|Shakespeare's doctors: Limitations and contributions of physicians inShakespeare's plays
|[Ph.D. dissertation]. United States -- New Jersey: Drew University; 2006. Publication Number: AAT 3244447. - 123 p.
The literary function of the seven medical doctors introduced in Shakespeare's
plays is founded initially on their ability to represent science and logic.
When these doctors fail to provide the knowledge they are expected to possess,
their profession is disparaged. The single characterization of doctor as
competent or incompetent, however, becomes increasingly multi-dimensional when
read within the full thematic context of their plays. An understanding of a
Shakespearean physician-character's historic counterparts lends itself to
tracing how Shakespeare manipulates the construct of "doctor" to achieve
meaning in his plays and formulates the physician as inevitably limited.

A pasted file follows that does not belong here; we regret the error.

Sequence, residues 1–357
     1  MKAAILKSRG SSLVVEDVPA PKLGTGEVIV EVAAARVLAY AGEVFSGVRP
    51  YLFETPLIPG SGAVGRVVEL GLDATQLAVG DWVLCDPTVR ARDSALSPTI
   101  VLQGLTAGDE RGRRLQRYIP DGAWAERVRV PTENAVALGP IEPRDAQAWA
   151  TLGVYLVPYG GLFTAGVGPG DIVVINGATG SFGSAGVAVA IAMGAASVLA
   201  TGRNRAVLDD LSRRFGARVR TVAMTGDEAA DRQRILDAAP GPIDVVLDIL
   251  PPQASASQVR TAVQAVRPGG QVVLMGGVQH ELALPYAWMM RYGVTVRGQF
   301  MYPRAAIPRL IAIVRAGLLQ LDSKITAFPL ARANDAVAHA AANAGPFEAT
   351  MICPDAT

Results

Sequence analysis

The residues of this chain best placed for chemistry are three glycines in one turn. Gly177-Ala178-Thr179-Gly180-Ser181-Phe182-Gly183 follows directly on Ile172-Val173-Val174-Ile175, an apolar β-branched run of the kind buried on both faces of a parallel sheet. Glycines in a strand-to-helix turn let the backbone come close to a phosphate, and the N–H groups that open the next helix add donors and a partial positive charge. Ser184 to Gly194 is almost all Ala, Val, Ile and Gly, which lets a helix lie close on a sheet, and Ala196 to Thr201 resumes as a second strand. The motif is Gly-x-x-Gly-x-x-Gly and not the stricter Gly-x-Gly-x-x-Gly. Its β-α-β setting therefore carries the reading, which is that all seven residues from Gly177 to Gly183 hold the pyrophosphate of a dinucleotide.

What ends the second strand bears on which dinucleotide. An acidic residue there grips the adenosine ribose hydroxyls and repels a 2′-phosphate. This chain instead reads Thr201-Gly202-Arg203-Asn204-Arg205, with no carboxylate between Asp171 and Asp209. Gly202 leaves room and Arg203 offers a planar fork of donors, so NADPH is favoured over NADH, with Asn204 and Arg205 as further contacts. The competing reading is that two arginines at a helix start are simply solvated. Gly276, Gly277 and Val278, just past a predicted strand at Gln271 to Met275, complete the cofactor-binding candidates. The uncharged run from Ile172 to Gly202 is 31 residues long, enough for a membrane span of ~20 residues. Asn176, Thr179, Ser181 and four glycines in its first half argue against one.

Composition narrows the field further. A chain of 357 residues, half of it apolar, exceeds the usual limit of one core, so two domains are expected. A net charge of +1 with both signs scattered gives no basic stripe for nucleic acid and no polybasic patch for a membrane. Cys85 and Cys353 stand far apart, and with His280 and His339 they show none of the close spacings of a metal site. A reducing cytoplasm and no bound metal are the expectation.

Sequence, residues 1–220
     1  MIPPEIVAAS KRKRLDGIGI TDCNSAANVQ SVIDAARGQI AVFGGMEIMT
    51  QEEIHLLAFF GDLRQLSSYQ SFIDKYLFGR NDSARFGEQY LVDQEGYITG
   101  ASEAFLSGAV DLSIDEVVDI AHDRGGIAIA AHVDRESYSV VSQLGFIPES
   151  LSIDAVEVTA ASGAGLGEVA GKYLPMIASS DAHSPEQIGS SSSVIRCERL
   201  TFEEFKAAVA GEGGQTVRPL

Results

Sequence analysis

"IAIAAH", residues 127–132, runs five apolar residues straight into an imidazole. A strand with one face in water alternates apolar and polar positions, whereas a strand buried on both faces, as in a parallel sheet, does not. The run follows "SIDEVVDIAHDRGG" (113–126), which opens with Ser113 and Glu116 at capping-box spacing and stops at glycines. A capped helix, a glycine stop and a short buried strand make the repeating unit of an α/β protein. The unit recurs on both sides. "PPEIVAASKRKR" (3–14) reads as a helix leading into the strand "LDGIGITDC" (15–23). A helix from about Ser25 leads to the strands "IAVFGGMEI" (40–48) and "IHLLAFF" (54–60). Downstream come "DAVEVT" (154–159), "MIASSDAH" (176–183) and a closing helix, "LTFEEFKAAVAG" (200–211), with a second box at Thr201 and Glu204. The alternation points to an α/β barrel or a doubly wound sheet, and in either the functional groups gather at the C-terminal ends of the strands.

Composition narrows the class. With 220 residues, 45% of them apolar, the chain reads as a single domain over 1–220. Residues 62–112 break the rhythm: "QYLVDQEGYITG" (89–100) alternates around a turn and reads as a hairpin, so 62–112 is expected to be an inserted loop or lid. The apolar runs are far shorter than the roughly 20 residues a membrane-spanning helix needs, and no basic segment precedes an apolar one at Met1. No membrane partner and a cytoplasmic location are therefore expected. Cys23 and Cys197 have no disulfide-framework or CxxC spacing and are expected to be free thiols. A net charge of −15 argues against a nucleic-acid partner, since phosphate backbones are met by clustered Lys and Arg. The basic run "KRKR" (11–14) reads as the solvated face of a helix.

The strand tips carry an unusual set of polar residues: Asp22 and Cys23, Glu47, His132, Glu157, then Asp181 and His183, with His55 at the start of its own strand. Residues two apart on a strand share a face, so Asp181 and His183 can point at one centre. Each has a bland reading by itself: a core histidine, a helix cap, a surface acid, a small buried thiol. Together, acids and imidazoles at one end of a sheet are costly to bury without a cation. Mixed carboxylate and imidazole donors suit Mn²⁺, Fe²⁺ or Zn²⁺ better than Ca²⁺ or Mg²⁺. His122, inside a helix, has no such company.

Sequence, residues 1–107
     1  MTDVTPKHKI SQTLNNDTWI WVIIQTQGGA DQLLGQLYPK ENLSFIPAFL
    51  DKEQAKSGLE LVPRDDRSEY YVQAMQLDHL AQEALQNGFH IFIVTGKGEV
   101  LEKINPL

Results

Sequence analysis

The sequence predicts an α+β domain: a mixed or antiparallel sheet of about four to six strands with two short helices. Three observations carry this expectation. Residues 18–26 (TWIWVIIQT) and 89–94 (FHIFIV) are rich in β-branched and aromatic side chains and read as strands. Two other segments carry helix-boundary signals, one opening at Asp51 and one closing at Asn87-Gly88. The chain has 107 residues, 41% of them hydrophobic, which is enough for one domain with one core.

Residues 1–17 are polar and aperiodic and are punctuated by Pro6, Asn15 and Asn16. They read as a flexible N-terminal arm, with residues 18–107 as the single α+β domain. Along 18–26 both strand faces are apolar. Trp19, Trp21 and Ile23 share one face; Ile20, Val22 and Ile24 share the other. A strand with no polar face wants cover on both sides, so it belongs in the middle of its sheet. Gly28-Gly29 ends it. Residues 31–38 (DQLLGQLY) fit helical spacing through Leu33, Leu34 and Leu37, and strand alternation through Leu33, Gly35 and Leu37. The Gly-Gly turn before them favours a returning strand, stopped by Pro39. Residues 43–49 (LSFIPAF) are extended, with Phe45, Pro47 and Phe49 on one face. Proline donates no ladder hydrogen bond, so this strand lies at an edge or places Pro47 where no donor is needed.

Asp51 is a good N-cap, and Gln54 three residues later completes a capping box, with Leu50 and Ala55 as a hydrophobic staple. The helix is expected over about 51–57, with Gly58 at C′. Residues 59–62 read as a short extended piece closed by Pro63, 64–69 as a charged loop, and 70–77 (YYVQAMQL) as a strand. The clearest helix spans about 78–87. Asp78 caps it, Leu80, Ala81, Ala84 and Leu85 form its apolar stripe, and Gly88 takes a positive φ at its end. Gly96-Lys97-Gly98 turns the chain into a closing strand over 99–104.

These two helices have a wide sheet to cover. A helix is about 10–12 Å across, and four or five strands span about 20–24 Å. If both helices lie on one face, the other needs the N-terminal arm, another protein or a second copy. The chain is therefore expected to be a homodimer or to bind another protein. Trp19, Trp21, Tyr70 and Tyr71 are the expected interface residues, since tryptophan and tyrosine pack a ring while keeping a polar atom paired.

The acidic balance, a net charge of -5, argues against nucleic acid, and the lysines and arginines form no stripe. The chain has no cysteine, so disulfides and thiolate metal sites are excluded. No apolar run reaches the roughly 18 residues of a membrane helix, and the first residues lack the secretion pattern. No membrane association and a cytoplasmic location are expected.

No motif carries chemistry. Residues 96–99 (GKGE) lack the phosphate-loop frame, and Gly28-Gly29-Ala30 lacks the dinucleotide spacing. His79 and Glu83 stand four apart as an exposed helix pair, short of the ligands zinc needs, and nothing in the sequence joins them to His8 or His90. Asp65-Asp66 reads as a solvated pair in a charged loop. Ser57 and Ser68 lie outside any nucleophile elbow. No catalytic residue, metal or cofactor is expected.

Despite their limitation in curing patients, Shakespeare clearly dictated that
the limited physician-character is capable, in fact, of being honorable and
just only if they embrace their human boundaries and honestly except the flaws
of Renaissance medicine. This was not a common approach to the portrayal of a
doctor on the Renaissance stage, and Shakespeare clearly sets most of his
doctors apart from the stereotypes in circulation at the time.
Through an examination of the myriad doctor-characters and pseudo doctor-
characters in Hamlet, All's Well That Ends Well, Macbeth, The Merry Wives of
Windsor, Cymbeline, and Pericles it becomes clear that Shakespeare's frustrated
respect for doctors aims to create a model for what a good doctor should be---
a model that is still applicable today.
TOMAZEWSKI, Lisa A
Méd. temps modernes : médecine et arts